Psychosocial Support

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Psychosocial Support for People With Haemophilia

by Anne Duffy - Ireland

Presentation at EHC annual Conference - October 2013 - Bucharest

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Psychosocial Support

  1. 1. 26th European Haemophilia Consortium SUPPORT PSYCHOSOCIAL Bucharest, Romania 4-6 October 2013 Counsellor Anne Duffy Nurse 1
  2. 2. What is Psychosocial Support? • Psychosocial support is an important part of comprehensive care for people with haemophilia and their families • Psychologists, social workers & counsellors can help patients and their families adapt to and face the challenges of living with a bleeding disorder • Regardless of resources it is important to identify the issues and the challenges that can affect a person’s cognitive and emotional development 2
  3. 3. Why it is needed • To create a space to enable a PWH talk about his thoughts, feelings and concerns • Enables the PWH to gain a personal understanding of haemophilia • Develops coping strategies for physical, mental, emotional & social challenges • Ultimate goal is to empower the PWH to manage his life & its challenges independently • Quality of life is related to ability to adjust to a chronic disorder and its challenges 3
  4. 4. Influencing Factors Factors which can determine how psychosocial issues are experienced and addressed: •Cultural values & socio-economic factors •Access to Haemophilia Treatment Centres - Factor availability - Access to physiotherapy - Access to corrective orthopaedic surgery •Support from haemophilia organizations 4
  5. 5. Models of Psychosocial Care Hospital based psychosocial support: •Specific healthcare professionals involved - social worker and psychologist •Providing one-to-one counselling •Peer support group – bringing patients and their families together in specific groups 5
  6. 6. Models of Psychosocial Care NMO based psychosocial support: •Building a strong sense of community •Outreach to members: Regular Phone calls Home visits & Hospital visits •Peer support groups – adult pwh; young adult pwh; mothers & fathers groups •Meetings for members – informative & social 6
  7. 7. Living with Haemophilia Life long Challenges – Physical – Psychological: Child’s/sibling’s emotional responses - Financial – Employment – Impact of physical hardships and limitations 7
  8. 8. PARENTS Range of Emotions – Shock – Denial – Anger – Fear & Worry – Depression – Guilt 8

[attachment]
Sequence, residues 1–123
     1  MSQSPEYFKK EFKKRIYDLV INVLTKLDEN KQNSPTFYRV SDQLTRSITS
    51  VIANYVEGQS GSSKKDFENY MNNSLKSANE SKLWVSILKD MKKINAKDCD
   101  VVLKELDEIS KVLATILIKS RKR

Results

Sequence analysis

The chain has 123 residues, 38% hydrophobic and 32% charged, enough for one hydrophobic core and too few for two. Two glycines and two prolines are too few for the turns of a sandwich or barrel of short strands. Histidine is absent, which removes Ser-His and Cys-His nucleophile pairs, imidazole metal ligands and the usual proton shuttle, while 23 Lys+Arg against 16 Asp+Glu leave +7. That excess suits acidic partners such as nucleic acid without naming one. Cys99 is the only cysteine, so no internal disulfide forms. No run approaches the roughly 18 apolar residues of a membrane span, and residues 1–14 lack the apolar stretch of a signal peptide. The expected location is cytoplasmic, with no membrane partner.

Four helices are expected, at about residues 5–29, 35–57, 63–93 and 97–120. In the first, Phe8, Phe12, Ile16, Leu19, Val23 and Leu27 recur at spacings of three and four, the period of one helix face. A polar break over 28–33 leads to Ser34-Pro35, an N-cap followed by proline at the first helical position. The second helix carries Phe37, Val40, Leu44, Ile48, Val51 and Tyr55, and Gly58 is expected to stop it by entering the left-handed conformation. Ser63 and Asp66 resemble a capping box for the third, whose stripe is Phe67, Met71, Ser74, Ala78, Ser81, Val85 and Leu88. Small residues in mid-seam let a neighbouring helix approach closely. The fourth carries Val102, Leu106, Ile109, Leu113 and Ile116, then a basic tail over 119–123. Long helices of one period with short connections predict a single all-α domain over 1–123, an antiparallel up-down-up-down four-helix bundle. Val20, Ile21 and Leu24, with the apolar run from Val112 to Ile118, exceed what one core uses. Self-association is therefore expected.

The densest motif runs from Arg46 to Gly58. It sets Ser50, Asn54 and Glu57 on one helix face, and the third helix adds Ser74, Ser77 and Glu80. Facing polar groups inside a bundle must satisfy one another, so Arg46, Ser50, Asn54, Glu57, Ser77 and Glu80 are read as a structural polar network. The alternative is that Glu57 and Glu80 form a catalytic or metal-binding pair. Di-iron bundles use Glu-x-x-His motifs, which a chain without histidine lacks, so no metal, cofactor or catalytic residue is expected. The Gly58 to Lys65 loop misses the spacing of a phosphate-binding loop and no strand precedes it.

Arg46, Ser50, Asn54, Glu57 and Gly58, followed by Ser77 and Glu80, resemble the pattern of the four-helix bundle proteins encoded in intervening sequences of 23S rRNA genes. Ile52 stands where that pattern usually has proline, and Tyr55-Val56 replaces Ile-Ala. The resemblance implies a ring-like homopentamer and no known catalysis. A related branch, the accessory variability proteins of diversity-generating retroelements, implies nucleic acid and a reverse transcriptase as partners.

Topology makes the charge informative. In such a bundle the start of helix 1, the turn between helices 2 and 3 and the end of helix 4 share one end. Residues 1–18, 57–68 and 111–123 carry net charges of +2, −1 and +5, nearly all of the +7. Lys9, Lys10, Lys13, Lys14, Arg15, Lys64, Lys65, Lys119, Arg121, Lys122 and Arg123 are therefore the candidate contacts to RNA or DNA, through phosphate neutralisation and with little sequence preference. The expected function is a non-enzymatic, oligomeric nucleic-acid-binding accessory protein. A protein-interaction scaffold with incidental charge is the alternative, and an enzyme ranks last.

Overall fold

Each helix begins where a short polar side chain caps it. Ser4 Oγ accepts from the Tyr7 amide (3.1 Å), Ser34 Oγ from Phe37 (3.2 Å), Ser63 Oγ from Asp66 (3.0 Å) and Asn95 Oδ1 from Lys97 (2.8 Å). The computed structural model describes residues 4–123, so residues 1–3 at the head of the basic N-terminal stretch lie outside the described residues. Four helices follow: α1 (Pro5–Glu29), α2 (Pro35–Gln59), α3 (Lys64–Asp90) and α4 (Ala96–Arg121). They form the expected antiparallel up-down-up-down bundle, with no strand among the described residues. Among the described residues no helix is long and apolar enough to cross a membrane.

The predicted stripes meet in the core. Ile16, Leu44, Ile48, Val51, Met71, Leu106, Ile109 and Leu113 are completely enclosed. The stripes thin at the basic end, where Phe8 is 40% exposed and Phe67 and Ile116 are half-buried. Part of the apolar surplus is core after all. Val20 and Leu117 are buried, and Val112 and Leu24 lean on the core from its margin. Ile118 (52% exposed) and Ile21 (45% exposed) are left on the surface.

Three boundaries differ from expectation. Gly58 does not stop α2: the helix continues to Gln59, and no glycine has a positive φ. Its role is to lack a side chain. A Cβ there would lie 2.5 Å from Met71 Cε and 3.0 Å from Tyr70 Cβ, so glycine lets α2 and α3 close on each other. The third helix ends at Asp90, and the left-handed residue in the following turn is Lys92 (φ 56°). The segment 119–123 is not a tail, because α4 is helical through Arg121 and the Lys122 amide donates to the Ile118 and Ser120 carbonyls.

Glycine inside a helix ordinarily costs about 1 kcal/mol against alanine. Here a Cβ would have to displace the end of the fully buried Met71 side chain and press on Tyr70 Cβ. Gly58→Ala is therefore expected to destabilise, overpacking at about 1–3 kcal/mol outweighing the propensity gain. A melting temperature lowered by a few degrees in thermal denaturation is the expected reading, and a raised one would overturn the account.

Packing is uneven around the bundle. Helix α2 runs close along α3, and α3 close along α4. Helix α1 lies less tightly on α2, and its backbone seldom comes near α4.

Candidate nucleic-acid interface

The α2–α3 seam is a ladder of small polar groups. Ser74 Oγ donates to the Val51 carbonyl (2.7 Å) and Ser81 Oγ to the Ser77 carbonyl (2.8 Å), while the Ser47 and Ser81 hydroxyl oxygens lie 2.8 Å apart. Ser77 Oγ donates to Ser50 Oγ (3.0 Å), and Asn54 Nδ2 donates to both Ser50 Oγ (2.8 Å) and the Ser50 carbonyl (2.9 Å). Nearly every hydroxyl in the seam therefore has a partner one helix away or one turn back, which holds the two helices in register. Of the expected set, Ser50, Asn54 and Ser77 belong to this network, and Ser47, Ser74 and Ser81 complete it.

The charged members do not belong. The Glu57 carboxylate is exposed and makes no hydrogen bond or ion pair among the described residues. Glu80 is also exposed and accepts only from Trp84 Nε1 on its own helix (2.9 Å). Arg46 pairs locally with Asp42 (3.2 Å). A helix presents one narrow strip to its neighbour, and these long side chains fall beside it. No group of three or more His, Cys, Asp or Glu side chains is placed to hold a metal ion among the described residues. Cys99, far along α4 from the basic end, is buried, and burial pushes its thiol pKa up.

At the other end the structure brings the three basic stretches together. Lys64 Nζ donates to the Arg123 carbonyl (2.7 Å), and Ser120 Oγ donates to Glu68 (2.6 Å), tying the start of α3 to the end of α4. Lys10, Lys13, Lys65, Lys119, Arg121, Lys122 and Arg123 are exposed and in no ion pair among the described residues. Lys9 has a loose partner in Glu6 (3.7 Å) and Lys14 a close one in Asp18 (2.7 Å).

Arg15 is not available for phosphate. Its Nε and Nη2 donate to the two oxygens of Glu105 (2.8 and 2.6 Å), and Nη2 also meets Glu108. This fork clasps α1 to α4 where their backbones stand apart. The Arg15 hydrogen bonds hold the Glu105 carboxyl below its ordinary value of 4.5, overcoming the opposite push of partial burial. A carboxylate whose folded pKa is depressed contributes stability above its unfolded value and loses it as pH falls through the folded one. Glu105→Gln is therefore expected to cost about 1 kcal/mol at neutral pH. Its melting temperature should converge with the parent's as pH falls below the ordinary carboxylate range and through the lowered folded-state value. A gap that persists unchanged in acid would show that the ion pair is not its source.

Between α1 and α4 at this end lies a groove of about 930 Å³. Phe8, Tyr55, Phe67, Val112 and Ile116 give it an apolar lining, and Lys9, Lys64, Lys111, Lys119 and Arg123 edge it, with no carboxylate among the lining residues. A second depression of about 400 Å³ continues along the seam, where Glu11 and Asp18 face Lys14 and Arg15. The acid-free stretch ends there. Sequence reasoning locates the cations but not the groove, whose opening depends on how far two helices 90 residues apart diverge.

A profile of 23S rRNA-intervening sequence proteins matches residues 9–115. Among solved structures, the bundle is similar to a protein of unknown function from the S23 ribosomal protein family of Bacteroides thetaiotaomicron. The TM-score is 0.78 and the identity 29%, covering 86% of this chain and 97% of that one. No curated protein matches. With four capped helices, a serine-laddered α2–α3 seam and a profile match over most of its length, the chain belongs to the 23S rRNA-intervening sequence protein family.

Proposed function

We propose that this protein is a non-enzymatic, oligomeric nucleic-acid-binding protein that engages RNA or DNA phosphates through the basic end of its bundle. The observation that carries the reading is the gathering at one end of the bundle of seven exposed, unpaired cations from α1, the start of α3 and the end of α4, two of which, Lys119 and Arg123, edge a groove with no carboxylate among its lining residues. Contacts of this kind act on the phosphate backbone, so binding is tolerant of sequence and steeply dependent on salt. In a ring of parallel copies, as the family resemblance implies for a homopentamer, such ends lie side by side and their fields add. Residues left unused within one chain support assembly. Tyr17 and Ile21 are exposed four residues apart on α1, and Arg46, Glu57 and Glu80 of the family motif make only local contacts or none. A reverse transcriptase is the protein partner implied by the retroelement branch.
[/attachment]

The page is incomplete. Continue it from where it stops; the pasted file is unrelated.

9. 9. SIBLINGS Range of Emotions –Anger –Denial –Fear –Guilt 9
  10. 10. GRANDPARENTS • Difficulty in acceptance • Tension within extended family 10
  11. 11. THE FIRST YEAR • Anxious • Self blame • Need to control own fear 11
  12. 12. TODDLERS & PRESCHOOL CHILDREN • Worry • Fear • Frightened • Failure to adjust 12
  13. 13. STARTING SCHOOL • Parents’ initial fears may be diffused by playschool • Parents need confidence to help teachers learn about haemophilia • Need to be assertive with teachers, challenging for parents 13
  14. 14. ADOLESCENCE • Taking control • Feeling different • Relationships can be difficult • Vulnerability of carrier girls 14
  15. 15. SEXUALITY Issues requiring sensitivity: • Carrier girls with a low factor levelheavy blood loss during menstruation • Young men – bleeds induced by sexual activity 15
  16. 16. RELATIONSHIPS & SELF ESTEEM • Building self-esteem • Telling can be stressful • Need to understand in order to discuss • Viruses may cause more stress • Risk of transmission - Soul searching - Anxiety 16
  17. 17. AGEING WITH HAEMOPHILIA • New Challenge – Never expected to grow old • Confronted with age-related ailments • Involuntary dependence on care • Involuntary unemployment – Early retirement 17
  18. 18. CONSEQUENCES OF AGEING • Loss of social contacts • Loneliness of living alone • Fear of unknown future 18
  19. 19. PRACTICAL IDEAS • The future for people with bleeding disorders can be bright even with limited resources • Parents can support and learn from each other • Children can learn from adults with haemophilia • Adults with haemophilia can support each other • Weekends for all the family to learn, support and have fun together 19
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  22. 22. REFERENCES • Growing up with Hemophilia Dr P Jones, 1994 • Raising a Child with Hemophilia L A Kelly, 1999 • Basic Concepts of Hemophilia R Butler, S Crudder, B Riske, S Toal, 2002 • Psychosocial Issues National Hemophilia Foundation 2006 • Aging with hemophilia E Mauser-Bunschoten, C Smit, A De Knecht-van Eekelen, 2007 • Psychosocial care for people with Hemophilia F Cassis, WFH Monograph No 44, 2007 • Presentation slides R Mohan, 200922
  23. 23. THANK YOU 23

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